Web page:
Verstappen’s Thrilling Lap Shows Why One-Lap Quali Needs To Return – WTF1
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Verstappen’s Thrilling Lap Shows Why One-Lap Quali Needs To Return

Saudi Arabian qualifying was epic, and there were many reasons why. It wasn’t just because the circuit is absolutely thrilling to watch, even if a little unnerving, or the fact that it’s the penultimate qualifying session in an epic championship battle that could prove crucial. 

But the biggest thing I took from qualifying is the fact that we got to watch Max Verstappen’s spectacular (but ultimately costly) lap in full, knowing that he could have taken pole position from Lewis Hamilton, who had finished his run.

It’s not something we see very often in F1 currently, as all the drivers wait until the last possible moment to set their laps when the track is rubbered in. We often miss most of the driver’s laps during qualifying, even the pole lap itself if the fastest driver is the one who crosses the line last, as the cameras will normally cut to the next car once the first has crossed the line.

We got to watch what would be Hamilton’s pole lap from start to finish, then Verstappen’s thrilling lap in full, the brush with the wall at turn two, him going purple in sector two and then finally the dramatic contact with the wall into the final turn.

Now imagine if we only got to see a few seconds of it or even missed seeing the crash live. It wouldn’t have been anywhere near as thrilling, would it?

With Hamilton finishing his lap with time still on the clock, and then Verstappen making his run, we got a taste of what one-shot qualifying could be like. Something we saw in the mid-2000s before the current knock-out system was implemented.

If you never watched one-lap qualifying, it saw drivers only getting one shot at their qualifying lap (well, duh) as they’d go out one-by-one.

Not only would we get to watch every driver’s lap in full (come on, we didn’t even get to see one second of Leclerc’s brilliant P4 lap), but there’d be a bunch of other benefits too.

F1 are desperate to try and spice up the races, and that always comes down to changing qualifying, and to be fair to them, it makes sense. The most exciting races often come from when the quicker cars are out of position, so mixing up the grid is the easiest way to make F1 more exciting.

Had it been one-lap qualifying and that was Verstappen’s hot lap, he’d have had to start at the back. I know what you’re thinking. Well, he wouldn’t have pushed as much but come on, it’s Max Verstappen.

Hamilton took pole, but even his qualifying session wasn’t without incident, locking up on his first run in Q1 and also having a big moment in Q3. These moments aren’t so dramatic as you know he’ll comfortably get through on his next run, but had that been one-shot qualifying, he’d also have been starting way down the order too.

So to summarise with one-lap qualifying… We get to watch EVERY drivers lap in full, mistakes are punished and mixed up grids are more likely…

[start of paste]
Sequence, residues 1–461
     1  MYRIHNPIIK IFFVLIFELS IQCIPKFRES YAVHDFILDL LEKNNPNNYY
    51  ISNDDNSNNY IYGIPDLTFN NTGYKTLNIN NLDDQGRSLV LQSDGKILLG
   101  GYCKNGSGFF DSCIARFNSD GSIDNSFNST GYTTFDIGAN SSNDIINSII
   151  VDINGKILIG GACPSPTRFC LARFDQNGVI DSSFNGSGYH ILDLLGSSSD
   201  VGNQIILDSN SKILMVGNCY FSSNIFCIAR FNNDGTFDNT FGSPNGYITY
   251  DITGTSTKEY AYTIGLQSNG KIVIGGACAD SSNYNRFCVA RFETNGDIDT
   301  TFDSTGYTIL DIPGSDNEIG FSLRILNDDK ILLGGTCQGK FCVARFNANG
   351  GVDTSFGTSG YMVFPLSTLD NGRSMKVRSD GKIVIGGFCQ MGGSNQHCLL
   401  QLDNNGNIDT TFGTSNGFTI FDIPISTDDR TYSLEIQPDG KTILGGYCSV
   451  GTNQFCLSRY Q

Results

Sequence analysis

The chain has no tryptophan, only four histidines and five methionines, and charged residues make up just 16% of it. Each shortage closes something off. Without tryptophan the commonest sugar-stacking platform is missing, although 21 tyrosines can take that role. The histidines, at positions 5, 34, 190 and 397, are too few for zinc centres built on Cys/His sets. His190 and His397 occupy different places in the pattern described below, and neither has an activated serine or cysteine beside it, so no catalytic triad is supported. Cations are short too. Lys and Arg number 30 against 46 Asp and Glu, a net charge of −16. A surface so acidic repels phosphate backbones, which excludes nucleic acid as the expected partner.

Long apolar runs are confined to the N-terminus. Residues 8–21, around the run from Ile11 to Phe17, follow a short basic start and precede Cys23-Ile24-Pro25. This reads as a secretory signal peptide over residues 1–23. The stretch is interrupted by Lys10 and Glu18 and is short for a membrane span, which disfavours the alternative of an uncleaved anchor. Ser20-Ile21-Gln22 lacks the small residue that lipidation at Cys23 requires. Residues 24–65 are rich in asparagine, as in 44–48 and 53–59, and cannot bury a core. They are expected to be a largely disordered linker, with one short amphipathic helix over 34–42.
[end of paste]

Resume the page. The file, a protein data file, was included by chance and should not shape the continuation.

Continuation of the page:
One final quirk, we all loved that video of Fernando Alonso watching Max Verstappen’s final run. It could be a regular occurrence seeing drivers in the media pen as their rivals were out on track setting their lap. Imagine a camera on Hamilton as he watched that lap from Verstappen. Netflix would be licking their lips.

Would like to see F1 have one-shot qualifying? Let us know in the comments.

2 thoughts on “Verstappen’s Thrilling Lap Shows Why One-Lap Quali Needs To Return

  • Théo Schleret says:

    Maybe we could keep the current Q1-Q2-Q3 format, but with a one-lap run.
    I mean that for Q1 all drivers do 1 lap, the top 15 then can do a second one, and then the 10 last do a third one, with the laptimes being carried over the sessions, for example a driver did these runs :
    Q1 : 1’32
    Q2 : 1’30
    Q3 : crash
    So in the end the laptime to place him on the grid will be the best he did, so the 1’30 from Q2

    To me that would keep the suspense all the way long, with the overall session lasting 2h30 for a lap of 2 minutes. If it’s considerd to be too long, maybe just do a first session with all 20 drivers, and then a second one with the top 10, so it would make it last about 1h30.

  • I’d go for Q1 & Q2 left the same, then have the top 10 shootout be single lap, with the running order set based on Q2 times.

    It’ll make the first half an hour worth watching, gives the lower teams half a chance to be something other than circuit sweepers, and give a sensible way of establishing the running order in a self-contained way for a given weekend.

    I still remember in 2005 (once they’d sacked off the aggregate nonsense) where the order was determined based on the finishing order for the race before, which due to track evolution, amounted to about an unofficial 5 place grid drop for retiring. This also prevents quirks where the circuit characteristics from the race before have a serious bearing on the current weekend. (e.g. back-to-back “Merc tracks” compared to a “Merc track” followed by a “Red Bull track” mucking about with the order.)

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